Technology has proven valuable for salespeople, assisting in a zillion different ways to do things better, faster, and overall, just making things easier. The effect is, or should be, more sales. But all of this is not that new— can it be cool? Cool easily becomes a passing fad.

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6 Questions to Ask Anyone Who Says Their Sales Cycle Doesn’t End

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When we are talking about the sales process, we ask for the best guess of the sales person as to when the sales opportunity will close. Occasionally, we hear back “I don’t have an end date.” There are legitimate cases where this is true, but more often than not, it’s not only wrong, but is also dangerous. Forecasting will be difficult if not impossible, and the sales people won’t be following a process.

Here are some questions to think about when evaluating if you actually have an end date to your sales opportunity.

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The Language and Method of Selling

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Salespeople usually get trained by “learning on the job.” Depending on who’s teaching, that may be OK, but it often leads to nonconformity of understanding from one salesperson to another. It’s surprising how many salespeople have little in common with their fellows, as far as understanding the fundamental language of the sale.

Wide adoption of computer technology by sales departments only heightens the problem. If a few hundred salespeople are linked together through a common CRM network, they have to understand the common thread of the sales method that is hopefully embedded in it. If not, they will use it in a myriad of different ways, which usually renders the CRM system useless. CRM is a wonderful way to ingrain sales methodology, but it needs a carefully chosen sales method to start off with.

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Sell On Value, But Which Value?

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Selling on price seems like the easy way out in sales. If you have no other arguments, just drop the price until you get the order. But unless the ability to produce at lower cost than anybody else is the company’s primary strength, this behavior doesn’t lead to long-term success. Instead, it will cause unnecessary price wars and probably economical failure sooner or later. This is why more and more companies tell their sales people to sell on value and not on price.

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The Sales Process – “All the World’s a Stage …” (Part Two)

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Final Curtain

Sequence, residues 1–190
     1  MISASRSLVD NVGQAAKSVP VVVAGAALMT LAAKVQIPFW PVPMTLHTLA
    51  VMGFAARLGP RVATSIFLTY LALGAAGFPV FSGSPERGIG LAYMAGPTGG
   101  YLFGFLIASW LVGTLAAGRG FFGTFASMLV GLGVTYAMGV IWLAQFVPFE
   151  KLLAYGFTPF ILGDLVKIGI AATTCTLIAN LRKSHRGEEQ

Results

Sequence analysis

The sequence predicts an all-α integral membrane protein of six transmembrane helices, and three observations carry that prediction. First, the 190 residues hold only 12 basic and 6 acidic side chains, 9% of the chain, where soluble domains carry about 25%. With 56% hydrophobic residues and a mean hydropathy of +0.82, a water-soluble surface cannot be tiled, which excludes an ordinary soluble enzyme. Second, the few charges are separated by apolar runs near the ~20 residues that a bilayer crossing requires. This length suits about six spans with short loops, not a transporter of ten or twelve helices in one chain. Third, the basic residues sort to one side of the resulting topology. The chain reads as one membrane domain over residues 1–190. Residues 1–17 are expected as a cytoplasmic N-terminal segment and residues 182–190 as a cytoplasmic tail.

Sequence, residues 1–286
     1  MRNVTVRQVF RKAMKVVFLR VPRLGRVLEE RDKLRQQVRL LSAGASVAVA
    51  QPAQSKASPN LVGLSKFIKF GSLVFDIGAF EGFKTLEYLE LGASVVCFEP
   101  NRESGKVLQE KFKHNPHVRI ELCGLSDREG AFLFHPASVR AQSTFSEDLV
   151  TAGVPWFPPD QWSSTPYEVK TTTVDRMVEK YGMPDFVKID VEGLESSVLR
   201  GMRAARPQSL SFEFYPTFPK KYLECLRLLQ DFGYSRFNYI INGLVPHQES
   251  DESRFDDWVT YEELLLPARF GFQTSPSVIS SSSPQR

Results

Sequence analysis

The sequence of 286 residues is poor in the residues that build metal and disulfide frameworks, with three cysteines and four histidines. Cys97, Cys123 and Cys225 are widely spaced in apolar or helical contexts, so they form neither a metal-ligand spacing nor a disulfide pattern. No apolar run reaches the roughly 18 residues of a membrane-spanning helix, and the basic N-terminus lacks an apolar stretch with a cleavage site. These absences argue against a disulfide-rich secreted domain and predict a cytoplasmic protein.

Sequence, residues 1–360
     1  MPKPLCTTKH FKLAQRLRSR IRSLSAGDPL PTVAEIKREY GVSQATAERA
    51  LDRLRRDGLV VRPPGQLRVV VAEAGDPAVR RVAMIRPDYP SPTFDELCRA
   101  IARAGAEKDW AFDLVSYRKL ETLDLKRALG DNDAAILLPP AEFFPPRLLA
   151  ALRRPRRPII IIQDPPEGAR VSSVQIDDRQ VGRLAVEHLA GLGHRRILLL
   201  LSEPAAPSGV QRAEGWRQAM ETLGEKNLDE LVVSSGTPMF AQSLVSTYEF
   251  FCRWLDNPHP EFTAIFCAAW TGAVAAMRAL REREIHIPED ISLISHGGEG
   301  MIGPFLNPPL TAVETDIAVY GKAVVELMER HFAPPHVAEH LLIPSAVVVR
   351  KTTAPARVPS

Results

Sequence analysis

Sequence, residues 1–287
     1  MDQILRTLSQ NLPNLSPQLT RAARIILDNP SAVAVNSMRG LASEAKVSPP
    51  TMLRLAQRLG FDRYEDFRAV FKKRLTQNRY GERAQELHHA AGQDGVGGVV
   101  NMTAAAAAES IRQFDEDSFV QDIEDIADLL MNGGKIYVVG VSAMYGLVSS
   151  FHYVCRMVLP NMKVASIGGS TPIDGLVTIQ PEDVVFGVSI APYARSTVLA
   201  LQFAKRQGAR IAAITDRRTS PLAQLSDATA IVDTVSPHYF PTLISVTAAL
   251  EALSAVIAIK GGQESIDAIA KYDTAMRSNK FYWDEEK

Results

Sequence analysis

Here are some more thoughts on the metaphor of the stage play versus the sales transaction that began in this post. As in that post, the italics are taken from my original description of the SalesWays Opportunity Portfolio Management training course.

Remember, the reason that we get precise in the language of sales is to define an exact model of the sales process that the computer can understand. The advantage of having consistent understanding of the terms across the sales team is that it builds transparency which in turn leads to efficiency. Efficiency is one of those two E words (Effectiveness being the other) that you hope will ensue when you implement CRM or SFA. This post ends with the “Final Curtain” and will, indeed, mark the end of this two part thread on the stage metaphor. I promise.

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Prioritize Sales Opportunities to Maximize Results

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ASPEC - OPM Planner - Priority

Priority is an important concept in selling. It helps us to determine how we should organize our work on the opportunities in our portfolios in order to maximize their value, and maximize our income. Although the idea is intuitive in theory, it is not always obvious in the reality and pressures of dealing with real sales opportunities in real time.

There are many ways to prioritize opportunities. We may prioritize based on order potential (size), the strategic nature of the prospect, or our estimated probability of success, for example.  Although these are acceptable practices, they may not guarantee we will maximize the results of our efforts.  A large potential order with very limited likelihood of success may prove to be a time sink that prevents us from acting on opportunities that might result in a larger payoff.